If I were a driver with multiple tickets, or a few accidents on my record, then I could understand that. But I’ve been driving for nearly two decades with a clean driving record. To nearly double my monthly payment based on one claim where this multi-million dollar company paid out a whopping $2,000 is ridiculous.

But this is what nearly all insurance companies do: Screw over their customers.

This is a for-profit industry that views human beings as both revenue streams and expenses. It’s their job to find the best way to take as much money from us as they can, while paying out as little as possible.

Why do some companies factor in your credit score when determining your insurance rate? What does a credit report have to do with my driving record? If you’re someone who’s been driving for 20-30 years with a clean driving record, what does your payment history on a Visa credit card have to do with what type of driver you are?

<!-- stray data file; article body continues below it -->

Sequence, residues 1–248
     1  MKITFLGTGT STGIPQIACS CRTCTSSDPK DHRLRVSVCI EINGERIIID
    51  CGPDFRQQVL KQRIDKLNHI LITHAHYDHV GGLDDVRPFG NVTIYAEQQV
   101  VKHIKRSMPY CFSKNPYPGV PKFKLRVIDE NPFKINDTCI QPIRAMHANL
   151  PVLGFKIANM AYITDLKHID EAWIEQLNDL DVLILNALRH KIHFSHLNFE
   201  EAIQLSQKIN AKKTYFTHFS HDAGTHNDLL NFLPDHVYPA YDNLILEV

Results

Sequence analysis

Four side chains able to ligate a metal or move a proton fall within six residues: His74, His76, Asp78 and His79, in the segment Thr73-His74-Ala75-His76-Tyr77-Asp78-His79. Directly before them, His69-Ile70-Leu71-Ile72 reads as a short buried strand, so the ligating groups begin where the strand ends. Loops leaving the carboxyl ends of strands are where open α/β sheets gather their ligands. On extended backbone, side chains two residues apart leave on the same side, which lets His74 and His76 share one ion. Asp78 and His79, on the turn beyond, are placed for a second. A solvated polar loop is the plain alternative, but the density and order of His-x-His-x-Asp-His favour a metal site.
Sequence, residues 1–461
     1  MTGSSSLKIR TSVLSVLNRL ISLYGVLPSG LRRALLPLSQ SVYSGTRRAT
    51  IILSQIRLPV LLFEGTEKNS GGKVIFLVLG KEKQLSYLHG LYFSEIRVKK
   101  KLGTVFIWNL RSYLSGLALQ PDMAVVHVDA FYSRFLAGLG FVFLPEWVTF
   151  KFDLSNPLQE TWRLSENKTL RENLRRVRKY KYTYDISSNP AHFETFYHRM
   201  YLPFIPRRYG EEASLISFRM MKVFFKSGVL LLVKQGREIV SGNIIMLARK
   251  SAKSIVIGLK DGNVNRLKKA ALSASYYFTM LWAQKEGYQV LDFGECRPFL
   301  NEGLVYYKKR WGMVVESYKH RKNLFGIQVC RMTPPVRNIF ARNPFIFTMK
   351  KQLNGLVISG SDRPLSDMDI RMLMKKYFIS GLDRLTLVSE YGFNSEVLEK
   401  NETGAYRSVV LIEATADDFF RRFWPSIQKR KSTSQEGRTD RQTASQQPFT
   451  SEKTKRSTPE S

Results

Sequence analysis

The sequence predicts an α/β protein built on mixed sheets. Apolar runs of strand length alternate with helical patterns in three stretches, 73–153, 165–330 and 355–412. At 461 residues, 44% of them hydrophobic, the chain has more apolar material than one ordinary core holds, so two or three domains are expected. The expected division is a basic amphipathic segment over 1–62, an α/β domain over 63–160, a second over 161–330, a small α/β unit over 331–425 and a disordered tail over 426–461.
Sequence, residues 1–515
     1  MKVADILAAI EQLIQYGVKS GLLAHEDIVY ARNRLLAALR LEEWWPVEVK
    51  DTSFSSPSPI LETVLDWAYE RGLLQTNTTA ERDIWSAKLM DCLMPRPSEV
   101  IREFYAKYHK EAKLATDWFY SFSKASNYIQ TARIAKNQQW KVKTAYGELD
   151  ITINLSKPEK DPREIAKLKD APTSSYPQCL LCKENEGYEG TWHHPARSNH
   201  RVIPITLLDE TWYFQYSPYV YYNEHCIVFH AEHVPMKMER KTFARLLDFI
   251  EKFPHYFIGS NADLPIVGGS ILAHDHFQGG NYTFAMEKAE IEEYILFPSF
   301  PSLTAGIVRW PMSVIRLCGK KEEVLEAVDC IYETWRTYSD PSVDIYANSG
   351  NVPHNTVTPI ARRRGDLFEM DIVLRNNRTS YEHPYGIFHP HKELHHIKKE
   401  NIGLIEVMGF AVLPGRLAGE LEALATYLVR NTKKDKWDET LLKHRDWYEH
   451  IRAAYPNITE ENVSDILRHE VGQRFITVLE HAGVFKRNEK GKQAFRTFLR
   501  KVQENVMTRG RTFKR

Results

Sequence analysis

The truth is, it doesn’t have anything to do with it. But this another metric these companies have used so that they can “justify” charging people more for insurance (especially poor people since they’re the ones who tend to have lower credit scores).

Health, home owners, renters — they’re all the same. It’s for-profit companies that are doing everything they can to pay out as little as possible because they’re in it to make a profit, not actually provide a service.

As my situation clearly indicates, when GEICO was forced to provide a service that I’ve paid them more than $12,000 over the last few years to provide, they seized on the first opportunity they could to jack up my rates. Even though what they paid out was a fraction of what I’ve paid to them over the years where they’ve provided me absolutely nothing but a “peace of mind.” And, ultimately, if I stay with them, I’ll end up paying them even more than they paid out on this claim due to the massive increase in my insurance rate.